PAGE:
Oberoi was never known to cut corners in developing a property — a trait he acquired from his father who splashed out an outlandish sum of money to acquire the property on reclaimed land that eventually became the Oberoi Mumbai at Nariman Point.

Like his father, Biki tilted towards rich elegance over abundance. “We want to be the best, not the biggest,” — a mantra that he lived by.

“The concept of luxury hospitality was introduced by P.R.S. Oberoi in India. He truly transformed the hospitality landscape of the country, building on the strong foundation laid by his father,” Shib Sanker Mukherji, former vice-chairman of EIH Ltd, who worked closely with the Oberois, told this newspaper.

His six-decade long tenure at the company saw, expectedly, many twists and turns. He successfully thwarted a perceived threat from ITC Ltd, which had cornered a 14.98 per cent stake in EIH, and was at one time at the threshold of triggering an open offer.

He set the corporate cocktail circuit abuzz with the way he stymied the takeover threat by roping in the Ambanis of the Reliance group in 2010 to whom he sold a 14.21 per cent stake for Rs 1,021 crore. Under the arrangement, management and control remained with the Oberoi family though the EIH board was recast to include Nita Ambani and Manoj Modi, Mukesh Ambani’s close friend and associate.

ITC continues to hold a 16.13 per cent stake in EIH and has always described the holding as a long term investment with no intentions of mounting a hostile takeover.

He received a number of awards but was personally proud of the Padma Vibhushan — India’s second highest civilian honour — conferred on him by the India government in 2008.

Condolences

In a joint statement, Vikram and Arjun Oberoi said: “A luminary in the hospitality industry, Mr. Oberoi’s legacy transcends borders, leaving an indelible mark on the global landscape. As we mourn the loss of a true icon, we also aim to celebrate the extraordinary legacy P.R.S. Oberoi leaves behind. In the coming days, we will share details of our plans to honour and remember him.”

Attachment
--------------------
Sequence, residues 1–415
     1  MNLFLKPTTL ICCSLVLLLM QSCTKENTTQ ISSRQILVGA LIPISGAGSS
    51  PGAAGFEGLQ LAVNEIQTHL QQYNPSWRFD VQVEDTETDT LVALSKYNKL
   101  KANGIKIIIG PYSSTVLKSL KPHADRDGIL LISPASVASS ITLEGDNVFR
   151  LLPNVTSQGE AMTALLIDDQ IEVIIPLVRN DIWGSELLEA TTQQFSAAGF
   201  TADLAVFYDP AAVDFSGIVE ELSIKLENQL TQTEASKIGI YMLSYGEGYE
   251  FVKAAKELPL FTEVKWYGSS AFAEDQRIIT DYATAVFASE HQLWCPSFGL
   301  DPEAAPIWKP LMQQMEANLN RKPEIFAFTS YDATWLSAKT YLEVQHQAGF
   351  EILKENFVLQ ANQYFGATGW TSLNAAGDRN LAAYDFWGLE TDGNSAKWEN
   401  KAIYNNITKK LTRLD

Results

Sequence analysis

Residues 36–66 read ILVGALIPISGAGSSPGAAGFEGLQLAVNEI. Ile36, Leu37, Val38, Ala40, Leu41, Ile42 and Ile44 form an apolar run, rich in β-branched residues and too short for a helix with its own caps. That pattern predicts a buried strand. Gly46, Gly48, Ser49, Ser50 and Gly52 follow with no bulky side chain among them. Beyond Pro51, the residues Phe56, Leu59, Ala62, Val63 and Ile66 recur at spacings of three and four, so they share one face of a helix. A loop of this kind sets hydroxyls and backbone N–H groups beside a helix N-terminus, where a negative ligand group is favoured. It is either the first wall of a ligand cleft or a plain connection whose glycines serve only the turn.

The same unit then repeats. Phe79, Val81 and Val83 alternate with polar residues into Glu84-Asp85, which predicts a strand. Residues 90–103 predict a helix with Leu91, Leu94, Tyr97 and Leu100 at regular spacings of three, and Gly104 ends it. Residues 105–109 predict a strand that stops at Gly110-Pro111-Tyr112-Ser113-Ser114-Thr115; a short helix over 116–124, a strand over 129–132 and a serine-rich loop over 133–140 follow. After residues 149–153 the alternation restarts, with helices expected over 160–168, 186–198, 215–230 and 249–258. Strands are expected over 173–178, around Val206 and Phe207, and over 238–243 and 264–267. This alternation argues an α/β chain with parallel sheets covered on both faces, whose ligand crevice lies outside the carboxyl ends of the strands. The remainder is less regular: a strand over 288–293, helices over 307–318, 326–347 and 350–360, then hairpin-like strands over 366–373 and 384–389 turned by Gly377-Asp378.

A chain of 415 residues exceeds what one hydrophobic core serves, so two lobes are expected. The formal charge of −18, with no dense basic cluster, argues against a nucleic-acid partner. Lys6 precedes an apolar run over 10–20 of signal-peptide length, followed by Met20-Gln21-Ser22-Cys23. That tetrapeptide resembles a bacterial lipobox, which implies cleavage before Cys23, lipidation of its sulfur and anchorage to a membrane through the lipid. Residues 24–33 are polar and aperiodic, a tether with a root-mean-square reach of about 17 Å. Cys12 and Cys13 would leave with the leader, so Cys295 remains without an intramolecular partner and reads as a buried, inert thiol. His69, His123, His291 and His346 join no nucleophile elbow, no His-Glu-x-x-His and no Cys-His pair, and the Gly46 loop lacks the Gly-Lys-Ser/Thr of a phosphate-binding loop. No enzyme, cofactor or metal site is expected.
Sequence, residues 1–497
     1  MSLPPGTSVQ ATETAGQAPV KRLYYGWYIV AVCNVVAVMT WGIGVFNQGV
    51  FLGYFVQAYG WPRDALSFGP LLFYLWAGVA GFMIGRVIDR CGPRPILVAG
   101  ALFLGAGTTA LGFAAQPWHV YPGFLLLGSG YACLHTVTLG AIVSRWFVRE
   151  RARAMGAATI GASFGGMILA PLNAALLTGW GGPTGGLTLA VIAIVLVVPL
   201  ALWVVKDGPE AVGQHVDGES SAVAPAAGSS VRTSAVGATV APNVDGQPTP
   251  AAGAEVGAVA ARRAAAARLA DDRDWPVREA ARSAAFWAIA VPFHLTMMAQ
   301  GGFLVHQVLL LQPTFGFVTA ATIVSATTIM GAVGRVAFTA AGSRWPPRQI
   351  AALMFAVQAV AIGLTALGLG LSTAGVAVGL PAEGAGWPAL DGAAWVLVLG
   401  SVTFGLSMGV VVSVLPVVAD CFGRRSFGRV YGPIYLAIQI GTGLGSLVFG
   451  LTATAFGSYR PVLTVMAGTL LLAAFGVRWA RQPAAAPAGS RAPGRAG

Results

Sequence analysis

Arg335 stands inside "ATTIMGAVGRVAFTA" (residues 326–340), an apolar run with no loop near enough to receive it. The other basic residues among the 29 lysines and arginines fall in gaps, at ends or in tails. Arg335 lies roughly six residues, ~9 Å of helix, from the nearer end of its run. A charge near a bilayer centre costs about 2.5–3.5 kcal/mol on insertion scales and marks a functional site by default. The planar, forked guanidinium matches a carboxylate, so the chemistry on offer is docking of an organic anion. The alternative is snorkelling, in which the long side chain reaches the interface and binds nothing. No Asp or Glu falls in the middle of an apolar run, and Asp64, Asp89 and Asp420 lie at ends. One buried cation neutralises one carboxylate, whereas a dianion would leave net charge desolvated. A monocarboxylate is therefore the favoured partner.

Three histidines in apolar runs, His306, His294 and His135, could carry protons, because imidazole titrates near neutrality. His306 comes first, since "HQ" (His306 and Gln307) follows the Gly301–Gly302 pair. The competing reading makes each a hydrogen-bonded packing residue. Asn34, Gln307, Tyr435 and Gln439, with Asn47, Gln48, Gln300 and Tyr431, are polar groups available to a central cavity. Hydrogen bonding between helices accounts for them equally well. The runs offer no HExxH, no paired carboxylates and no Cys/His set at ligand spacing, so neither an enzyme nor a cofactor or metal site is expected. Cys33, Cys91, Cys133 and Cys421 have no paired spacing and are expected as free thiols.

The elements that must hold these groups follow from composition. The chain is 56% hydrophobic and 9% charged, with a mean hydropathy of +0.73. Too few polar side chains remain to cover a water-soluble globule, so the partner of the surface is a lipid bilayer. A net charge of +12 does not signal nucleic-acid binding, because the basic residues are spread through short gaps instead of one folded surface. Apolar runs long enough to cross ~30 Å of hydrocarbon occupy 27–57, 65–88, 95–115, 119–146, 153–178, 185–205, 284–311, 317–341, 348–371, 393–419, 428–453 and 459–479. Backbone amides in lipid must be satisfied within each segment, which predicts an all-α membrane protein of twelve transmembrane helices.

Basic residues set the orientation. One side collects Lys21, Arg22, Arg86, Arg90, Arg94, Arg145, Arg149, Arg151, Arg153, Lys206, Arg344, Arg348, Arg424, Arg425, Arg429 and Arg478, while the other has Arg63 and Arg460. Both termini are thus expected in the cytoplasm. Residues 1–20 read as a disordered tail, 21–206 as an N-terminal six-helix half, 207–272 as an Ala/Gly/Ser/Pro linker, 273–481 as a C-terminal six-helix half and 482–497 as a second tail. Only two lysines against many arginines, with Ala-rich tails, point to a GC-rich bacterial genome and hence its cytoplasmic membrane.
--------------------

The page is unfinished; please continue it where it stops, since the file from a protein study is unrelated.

Reactions poured in on social media too. Bengal chief minister Mamata Banerjee took to X to say, “Saddened by the demise of Padma Vibhushan PRS Oberoi, chairman of the Oberoi group, and the hospitality tycoon of India. He was trained in Darjeeling and his achievements have been inextricably linked to Bengal. We shall all feel the irreparable loss.”

Anil Agarwal, chairman of Vedanta Group wrote on X: “I fondly remember the time I spent with him in his farmhouse in Delhi. What an entrepreneur he was. He put Indian luxury hospitality on the international map … Mere liye, brand Oberoi defines the very best in hotels and produces the very best people in hospitality.”

Naveen Jindal, chairman of JSPL, recalled Oberoi’s interest in Polo. “He was a great supporter of Polo in India. As Patron of the Indian Polo Association, he did a lot to promote the sport,” Jindal, himself a Polo enthusiast, posted on X.

Anand Mahindra wrote: “He was a class act. Period.”